Catching up: Helen Ivory’s “The Anatomical Venus”

I can’t keep up. Here’s a book published in 2019, and I’m only just getting round to it. In the poetry world that churns out collections and pamphlets and chapbooks by the thousand, 2019 might as well be the remote past. It’s like when I used to subscribe to Q magazine, and attempted to keep up with reviews of hundreds of new albums a month, all of which were the next Big Thing. And then they weren’t. It was pointless. I stopped trying.

With poetry I more and more rely on word of mouth, which sort of dries up when there are no readings to go to, no courses where people say, “have you read…?”. Everyone loses out.

And what if you’ve just published something. Imagine, you struggle, and work, and rework, and submit, and go to open mics, and one day someone offers to publish your first pamphlet/chapbook/whatever. There’s no feeling quite like it. But it happens in the middle of a pandemic, so you can’t go to readings and open mics and get the chance to sell your book (most of my sales have been on the back of readings), and you can’t charge your batteries on that energy, and gradually you see the wave’s subsided under you, and you’re floating in dead water. And you have books you can’t shift.

Now, imagine that poetry is your business, your profession. You rely on readings, on running courses, on tutoring…and on the back of that you go on writing, and hopefully selling your work. That’s how it is. Your job. Lockdown leaves you in dead water just as surely as if being published was a hobby. A nice one. But a sideline. Meanwhile, The Anatomical Venus should be flying off the shelves and hoovering up the accolades and starring at festivals. If you’ve bought it already you’ll need no telling. And if you haven’t, I hope the next few minutes will persuade you your life is incomplete till you do.

Sometimes a poem, a book, a voice speaks to you, makes you sit up. The Anatomical Venus does that for me, to me, no question. It’s full of what Clive James calls ‘the moments that draw you in’, when you recognise a poem as a poem, when it says that this is what it is. Something that memorises itself as you speak it, something that hooks you and reels you in. Sometimes it’s the sheer zestfulness of the thing, the unabashed love of language, its quirks and textures that are the stuff of en-chantment and incantation. So, yes, that. But also precision, the accurate control of the medium, a sure ear and eye, all that, and passion too. I don’t think it’s overstating the case to say that Helen Ivory has all of that.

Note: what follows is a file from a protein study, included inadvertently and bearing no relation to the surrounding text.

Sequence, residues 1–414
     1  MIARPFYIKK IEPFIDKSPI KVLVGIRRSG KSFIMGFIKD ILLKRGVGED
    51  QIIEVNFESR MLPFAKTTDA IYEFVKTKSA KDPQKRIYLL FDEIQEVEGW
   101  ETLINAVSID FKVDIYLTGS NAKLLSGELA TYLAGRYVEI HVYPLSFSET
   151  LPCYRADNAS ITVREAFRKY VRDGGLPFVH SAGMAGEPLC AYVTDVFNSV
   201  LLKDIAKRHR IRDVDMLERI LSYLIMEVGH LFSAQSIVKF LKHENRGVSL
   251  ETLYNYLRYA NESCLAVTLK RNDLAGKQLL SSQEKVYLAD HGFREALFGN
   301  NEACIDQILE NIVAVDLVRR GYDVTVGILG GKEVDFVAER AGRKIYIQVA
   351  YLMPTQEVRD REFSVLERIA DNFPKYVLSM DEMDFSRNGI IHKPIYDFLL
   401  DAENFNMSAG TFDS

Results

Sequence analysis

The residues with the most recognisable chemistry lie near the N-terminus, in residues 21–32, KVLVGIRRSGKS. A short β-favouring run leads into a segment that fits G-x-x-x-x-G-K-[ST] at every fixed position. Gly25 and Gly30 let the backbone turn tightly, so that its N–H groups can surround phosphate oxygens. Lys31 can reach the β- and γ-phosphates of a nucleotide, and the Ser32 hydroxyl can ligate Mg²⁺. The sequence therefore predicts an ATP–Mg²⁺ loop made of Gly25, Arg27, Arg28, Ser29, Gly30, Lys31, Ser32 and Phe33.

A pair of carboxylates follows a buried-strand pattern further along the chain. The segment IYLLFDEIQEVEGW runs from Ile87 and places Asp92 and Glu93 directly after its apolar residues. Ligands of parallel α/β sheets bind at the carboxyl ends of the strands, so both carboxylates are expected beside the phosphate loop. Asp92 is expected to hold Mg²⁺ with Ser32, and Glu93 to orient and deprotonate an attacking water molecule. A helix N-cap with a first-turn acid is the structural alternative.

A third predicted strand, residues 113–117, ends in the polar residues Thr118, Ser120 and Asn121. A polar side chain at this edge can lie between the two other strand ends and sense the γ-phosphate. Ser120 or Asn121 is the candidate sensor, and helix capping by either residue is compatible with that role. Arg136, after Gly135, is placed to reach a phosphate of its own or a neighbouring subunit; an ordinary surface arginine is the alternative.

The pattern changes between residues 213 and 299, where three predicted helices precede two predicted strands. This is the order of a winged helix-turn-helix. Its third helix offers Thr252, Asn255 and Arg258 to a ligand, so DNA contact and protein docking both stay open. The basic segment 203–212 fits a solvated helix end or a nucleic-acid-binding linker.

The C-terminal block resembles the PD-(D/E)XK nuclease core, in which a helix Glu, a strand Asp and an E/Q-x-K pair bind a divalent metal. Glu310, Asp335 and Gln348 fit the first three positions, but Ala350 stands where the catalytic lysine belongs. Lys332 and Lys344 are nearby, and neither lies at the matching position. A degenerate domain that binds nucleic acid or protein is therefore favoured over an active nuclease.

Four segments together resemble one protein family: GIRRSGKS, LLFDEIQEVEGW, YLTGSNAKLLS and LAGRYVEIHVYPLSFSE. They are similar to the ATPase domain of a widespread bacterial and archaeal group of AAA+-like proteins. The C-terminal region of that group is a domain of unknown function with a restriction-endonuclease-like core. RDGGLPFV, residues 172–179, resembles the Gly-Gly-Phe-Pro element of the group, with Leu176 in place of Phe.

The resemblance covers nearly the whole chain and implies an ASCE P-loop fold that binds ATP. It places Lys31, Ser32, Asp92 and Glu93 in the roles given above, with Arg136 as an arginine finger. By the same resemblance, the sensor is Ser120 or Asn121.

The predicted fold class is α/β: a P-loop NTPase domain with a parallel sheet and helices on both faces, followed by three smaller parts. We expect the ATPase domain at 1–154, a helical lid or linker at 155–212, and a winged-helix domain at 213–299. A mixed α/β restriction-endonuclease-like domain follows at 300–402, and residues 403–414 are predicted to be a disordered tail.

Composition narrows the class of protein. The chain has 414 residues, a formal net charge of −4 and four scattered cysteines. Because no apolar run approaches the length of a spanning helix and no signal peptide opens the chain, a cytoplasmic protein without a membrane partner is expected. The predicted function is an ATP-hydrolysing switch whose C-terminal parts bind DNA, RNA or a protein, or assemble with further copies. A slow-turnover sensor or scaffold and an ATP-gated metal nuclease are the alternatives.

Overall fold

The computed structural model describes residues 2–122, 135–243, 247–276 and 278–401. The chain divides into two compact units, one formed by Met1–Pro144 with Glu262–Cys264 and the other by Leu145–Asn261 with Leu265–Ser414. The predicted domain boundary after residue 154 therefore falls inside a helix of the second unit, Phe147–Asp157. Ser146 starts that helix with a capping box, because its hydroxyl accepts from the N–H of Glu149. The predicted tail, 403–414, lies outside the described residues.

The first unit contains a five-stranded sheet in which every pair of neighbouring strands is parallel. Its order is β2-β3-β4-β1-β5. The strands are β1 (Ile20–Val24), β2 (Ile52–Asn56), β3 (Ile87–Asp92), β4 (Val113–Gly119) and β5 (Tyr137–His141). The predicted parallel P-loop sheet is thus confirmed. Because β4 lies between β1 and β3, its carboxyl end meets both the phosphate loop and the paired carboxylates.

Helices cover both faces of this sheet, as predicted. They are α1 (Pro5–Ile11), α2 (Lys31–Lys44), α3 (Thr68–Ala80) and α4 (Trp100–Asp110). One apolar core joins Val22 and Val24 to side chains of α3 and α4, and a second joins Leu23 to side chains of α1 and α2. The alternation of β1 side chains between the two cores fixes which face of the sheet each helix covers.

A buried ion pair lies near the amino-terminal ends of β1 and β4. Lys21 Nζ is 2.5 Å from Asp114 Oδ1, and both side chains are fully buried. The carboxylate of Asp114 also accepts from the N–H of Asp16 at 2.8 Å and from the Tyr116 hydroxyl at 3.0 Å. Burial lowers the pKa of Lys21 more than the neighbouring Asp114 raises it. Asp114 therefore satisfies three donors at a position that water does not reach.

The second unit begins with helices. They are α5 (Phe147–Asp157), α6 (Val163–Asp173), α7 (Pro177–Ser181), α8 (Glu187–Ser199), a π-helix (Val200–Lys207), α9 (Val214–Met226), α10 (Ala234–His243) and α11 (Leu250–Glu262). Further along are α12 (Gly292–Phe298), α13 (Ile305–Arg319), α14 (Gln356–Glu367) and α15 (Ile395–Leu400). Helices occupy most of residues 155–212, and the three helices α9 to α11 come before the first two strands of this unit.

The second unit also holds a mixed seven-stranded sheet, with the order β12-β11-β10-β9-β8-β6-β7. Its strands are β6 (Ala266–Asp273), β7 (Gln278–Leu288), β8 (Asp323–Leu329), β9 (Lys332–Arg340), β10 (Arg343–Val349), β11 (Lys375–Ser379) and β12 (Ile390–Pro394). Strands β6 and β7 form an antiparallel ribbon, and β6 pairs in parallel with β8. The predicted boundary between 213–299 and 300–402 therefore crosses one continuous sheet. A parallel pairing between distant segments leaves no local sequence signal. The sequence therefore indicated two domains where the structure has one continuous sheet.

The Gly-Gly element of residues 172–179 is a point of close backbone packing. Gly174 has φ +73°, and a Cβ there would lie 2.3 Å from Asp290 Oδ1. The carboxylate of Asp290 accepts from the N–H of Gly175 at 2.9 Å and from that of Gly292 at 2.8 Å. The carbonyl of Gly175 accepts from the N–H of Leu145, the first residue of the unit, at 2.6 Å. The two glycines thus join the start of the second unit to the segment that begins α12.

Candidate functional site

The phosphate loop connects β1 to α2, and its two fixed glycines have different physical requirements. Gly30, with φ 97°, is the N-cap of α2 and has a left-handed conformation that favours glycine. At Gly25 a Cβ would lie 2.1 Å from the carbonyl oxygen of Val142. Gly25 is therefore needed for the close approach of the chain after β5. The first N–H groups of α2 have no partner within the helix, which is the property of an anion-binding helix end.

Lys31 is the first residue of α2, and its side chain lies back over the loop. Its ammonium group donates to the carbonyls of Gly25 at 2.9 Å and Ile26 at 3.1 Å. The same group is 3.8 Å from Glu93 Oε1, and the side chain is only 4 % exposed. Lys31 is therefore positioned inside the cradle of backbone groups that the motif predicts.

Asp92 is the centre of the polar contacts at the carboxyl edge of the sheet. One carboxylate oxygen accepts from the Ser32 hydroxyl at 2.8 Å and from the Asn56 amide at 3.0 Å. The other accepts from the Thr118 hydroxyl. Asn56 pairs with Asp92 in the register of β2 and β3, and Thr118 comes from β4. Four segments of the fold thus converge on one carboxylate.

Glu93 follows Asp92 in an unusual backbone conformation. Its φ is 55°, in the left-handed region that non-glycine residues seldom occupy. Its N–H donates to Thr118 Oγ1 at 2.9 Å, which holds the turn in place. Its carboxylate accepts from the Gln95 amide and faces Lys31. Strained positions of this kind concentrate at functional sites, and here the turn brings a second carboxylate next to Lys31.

When I first read The Anatomical Venus I’d taken it with me to hospital . A session of chemotherapy is, counterintuitively, a good place to read poetry in. Quiet and peaceful as a Quaker meeting. It does mean you can’t read aloud, but this collection has a voice you can hear in your head. I highlighted hook after hook after hook…like these:

These should give you a taste for the language of the collection. A feast of crafted imagery, which may be visual , like the mendicant dark, or auditory, like the whispering moth (I love that ‘snick’), true and witty, like the spoons, textured (shockingly) like the ransacked eel…what a word, ransacked .., epic and spacious, like the sail of seraphs, and so on. There’s an accurate ear for consonants, and a precise understanding of verbs and what they can do. And then, of course, there’s the black irony of her demolition of the Puritan husband who has his wife burned as a witch

he had witnessed Sarah transmute/ from flesh into fire/heard the spirits/scream out of her

He can disguise the barbarity of the deed in the language of his religion and law, but the nightmares ride him and ride him though she is dead, and she will not be exorcised

What else? This is a passionately felt collection that quietly seethes with righteous anger and pity, at the world of women who have too often found their only protest in hurting themselves; the ones who resisted, burned or drowned as witches, force-fed as suffragettes, or diagnosed as mad, and treated accordingly. By men. One way and another , this raises an issue that chronically bothers me. From time to time I try to write about it on the cobweb, this notion that women experience the world differently from me, from men. I sometimes use a quotation from one of my favourite novelists to shine a light on what I mean. She’s writing about the human condition; I narrow the focus for the sake of argument:

I wrote about this, not too coherently, 6 or 7 years ago. (here’s a link if you’re interested It’s something I go on trying to tease out. I often say I was brought up by women, and in the company of women. When I was small, by the time my dad came home from work, I was in bed. I could wander into the houses of neighbours and eavesdrop uncomprehending on ‘women’s talk’ as I sat under a table. I went to my mother’s embroidery classes in a school library, where I sat on the floor and pretended to read. Or I’d be taken to visit a great aunt in a segregated old folk’s home, full of old ladies in various stages of sparkiness and confusion. All my Primary school teachers were women. A boys’ grammar school and an all male college made no real dent on the impact of my growing up. When I became a teacher, it was women teachers who gave me books like Dale Spender’s Man Made language, and Elaine Morgan’s The descent of woman; it was Miss lamb who gave me Melanie Klein’s Mathematics and Western Culture.